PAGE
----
Making a statement
Team shirts often carry interesting messages. This year there were a few. We enjoyed the Charlie Daniels reference and the engineering approach - both from University of Nebraska-Lincoln. And of course there were others.
Sharing the spirit
As the teams move across the country there's no question they're showing their colors on the road. These trailer logos share the team's spirit and let the world know they're pullers too. It also shows the commitment to the program as teams have pulled together support trailers, tools and other gear to get their tractors built and keep them running.
Everyone on board
Many people looking at this display for the first time might be surprised to find the level of support from the major equipment makers. AGCO, Case IH, Caterpillar, John Deere, New Holland and more all have a vested interest in the competition. In fact many folks heading up key projects at these companies go their start as competitors in the competition.
Getting the word out
Brandon McDonald, event co-chair and an engineer at John Deere, was tapped to be interviewed by local media that came to Peoria's Exposition Gardens to see what all the fuss was about. The event got solid local television coverage this year.
Watching the process
Students on these teams also like to watch how others do, especially during tech inspection when tractors get checked out for everything from braking to engine idle speed. Safety is paramount in the process, and this year three tractors made it all the way through tech'ing in one pass - Ohio State University, Kansas State University and University of Kentucky.
When that lift rises, the tractor is not supposed to move. This static test of a machine's brakes has been a challenge in the past, but several judges commented this year that more tractors cleared this station in one pass than ever before. Of course they don't count how many feet it takes the drive to keep the machine still on the incline - perhaps extra points if only one foot is on the brake next year?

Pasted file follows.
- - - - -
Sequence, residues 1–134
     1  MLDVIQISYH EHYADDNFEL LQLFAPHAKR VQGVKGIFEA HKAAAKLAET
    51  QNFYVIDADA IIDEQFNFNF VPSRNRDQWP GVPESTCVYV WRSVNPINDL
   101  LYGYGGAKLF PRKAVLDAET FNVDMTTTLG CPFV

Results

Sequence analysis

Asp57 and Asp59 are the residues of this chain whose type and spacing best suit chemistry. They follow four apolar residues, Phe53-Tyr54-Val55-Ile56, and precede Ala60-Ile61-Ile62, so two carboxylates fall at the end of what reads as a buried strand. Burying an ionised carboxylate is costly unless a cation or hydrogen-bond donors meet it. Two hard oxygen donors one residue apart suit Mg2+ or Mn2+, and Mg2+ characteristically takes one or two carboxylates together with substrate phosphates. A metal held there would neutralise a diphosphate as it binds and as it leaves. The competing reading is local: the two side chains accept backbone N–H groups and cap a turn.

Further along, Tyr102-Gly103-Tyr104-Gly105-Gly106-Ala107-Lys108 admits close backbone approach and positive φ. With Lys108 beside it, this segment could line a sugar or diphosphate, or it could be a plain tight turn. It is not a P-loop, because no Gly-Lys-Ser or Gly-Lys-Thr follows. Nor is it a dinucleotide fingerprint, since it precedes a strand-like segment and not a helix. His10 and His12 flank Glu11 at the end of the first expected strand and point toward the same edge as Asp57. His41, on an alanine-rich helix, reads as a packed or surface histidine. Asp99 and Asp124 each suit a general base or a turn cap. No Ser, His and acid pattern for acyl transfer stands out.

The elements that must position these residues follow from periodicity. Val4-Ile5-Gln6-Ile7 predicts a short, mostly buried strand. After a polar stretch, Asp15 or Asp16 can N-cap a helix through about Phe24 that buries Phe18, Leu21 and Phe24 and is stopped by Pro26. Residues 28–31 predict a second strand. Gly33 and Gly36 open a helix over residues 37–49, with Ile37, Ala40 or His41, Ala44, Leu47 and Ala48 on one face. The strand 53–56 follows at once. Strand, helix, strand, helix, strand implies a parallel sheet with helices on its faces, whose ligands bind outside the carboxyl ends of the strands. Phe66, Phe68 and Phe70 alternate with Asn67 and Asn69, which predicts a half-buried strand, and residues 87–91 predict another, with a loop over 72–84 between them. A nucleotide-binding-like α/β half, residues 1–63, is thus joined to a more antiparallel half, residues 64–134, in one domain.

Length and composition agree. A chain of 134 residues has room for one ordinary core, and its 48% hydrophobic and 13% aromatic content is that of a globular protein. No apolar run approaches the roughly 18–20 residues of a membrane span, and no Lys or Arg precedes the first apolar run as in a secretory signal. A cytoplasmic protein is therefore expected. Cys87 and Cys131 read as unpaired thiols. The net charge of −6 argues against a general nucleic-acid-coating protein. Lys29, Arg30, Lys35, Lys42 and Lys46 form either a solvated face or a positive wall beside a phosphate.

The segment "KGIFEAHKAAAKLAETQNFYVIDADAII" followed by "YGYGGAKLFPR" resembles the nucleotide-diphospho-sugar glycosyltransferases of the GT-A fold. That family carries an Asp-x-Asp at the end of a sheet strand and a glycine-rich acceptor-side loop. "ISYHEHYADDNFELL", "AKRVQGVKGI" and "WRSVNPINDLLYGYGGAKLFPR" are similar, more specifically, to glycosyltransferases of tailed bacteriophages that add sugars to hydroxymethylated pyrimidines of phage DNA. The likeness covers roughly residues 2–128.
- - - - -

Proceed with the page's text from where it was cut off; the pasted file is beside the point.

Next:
A new test
This year, judges instituted a new test. The tractor must stop cleanly on the second square and back cleanly to the first. This is a key maneuver every tractor has to perform at the pull just to hook up to the sled, but in the past it has been a challenge.
Even though the driver takes the tractor through tech, they're usually never alone as team members come along for quick last-minute adjustments or to watch the process and bite nails over worries the machine won't make it through. The Ohio State machine here had no problems.
Keeping in touch
Last year we showed a tablet display, and we saw a few of those in the past. This Racepak display gives the Ohio State operator a heads-up view of machine stats during operation.
Last minute prep
Tractors arrive on site with a little work still to be done, sometimes. For the University of Nebraska-Lincoln, a few final touches were needed before the machine went through tech inspection. Their two-part frame was an interesting design.
This is what the final Nebraska tractor looked like pulling down the track. It performed well in the pull, and note the comfortable operator platform. The seat was custom upholstered to get just the right Nebraska colors.
Last-minute details about the pull, and a roll-call for teams is part of the action ahead of the pull. The 2014 pull went smoothly this year as teams were ready to roll when the time for pulling arrived.
And pulling in third place…
Texas A&M earned third-place honors in the tractor pull this year. The team's two-wheel drive design was a solid performer that earned high marks. The overall third-place winner of the competition was Ohio State University.
Kansas State University came in second in the tractor pull, and second overall in the competition. The forward operator station, a hallmark of the tractor design the team uses as a base, has front-wheel assist which helped it pull well down the track.
And the winner
University of Kentucky took top honors in the 2014 competition and the team won three of the four tractor pull hooks as well, getting edged out in the last 1,500-pound hook by Modesto Junior College. The UK team uses a two-wheel drive design that has served it well. This model allows the operator to change the frame length at the flip of a switch, for enhance performance in the maneuverability challenge. You can learn more about the competition by the ASABE Quarter Scale page